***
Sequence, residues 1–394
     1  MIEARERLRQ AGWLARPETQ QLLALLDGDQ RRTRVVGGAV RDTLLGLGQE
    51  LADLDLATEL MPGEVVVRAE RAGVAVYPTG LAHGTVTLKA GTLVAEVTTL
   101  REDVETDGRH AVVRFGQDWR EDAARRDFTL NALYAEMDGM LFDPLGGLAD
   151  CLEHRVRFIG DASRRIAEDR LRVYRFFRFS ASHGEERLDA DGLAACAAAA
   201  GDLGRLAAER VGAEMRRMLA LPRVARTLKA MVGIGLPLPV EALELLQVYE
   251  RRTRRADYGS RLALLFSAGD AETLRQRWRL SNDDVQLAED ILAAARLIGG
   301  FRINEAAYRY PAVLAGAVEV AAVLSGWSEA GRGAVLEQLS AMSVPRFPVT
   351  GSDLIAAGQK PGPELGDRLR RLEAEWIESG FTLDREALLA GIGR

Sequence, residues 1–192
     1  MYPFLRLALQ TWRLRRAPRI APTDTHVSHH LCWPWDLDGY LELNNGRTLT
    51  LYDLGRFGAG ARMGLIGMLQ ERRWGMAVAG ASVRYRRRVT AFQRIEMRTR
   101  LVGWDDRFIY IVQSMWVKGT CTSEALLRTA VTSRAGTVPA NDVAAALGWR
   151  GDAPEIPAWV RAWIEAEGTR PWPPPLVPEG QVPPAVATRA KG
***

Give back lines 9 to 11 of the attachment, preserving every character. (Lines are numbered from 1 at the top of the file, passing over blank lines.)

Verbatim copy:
   351  GSDLIAAGQK PGPELGDRLR RLEAEWIESG FTLDREALLA GIGR

Sequence, residues 1–192
     1  MYPFLRLALQ TWRLRRAPRI APTDTHVSHH LCWPWDLDGY LELNNGRTLT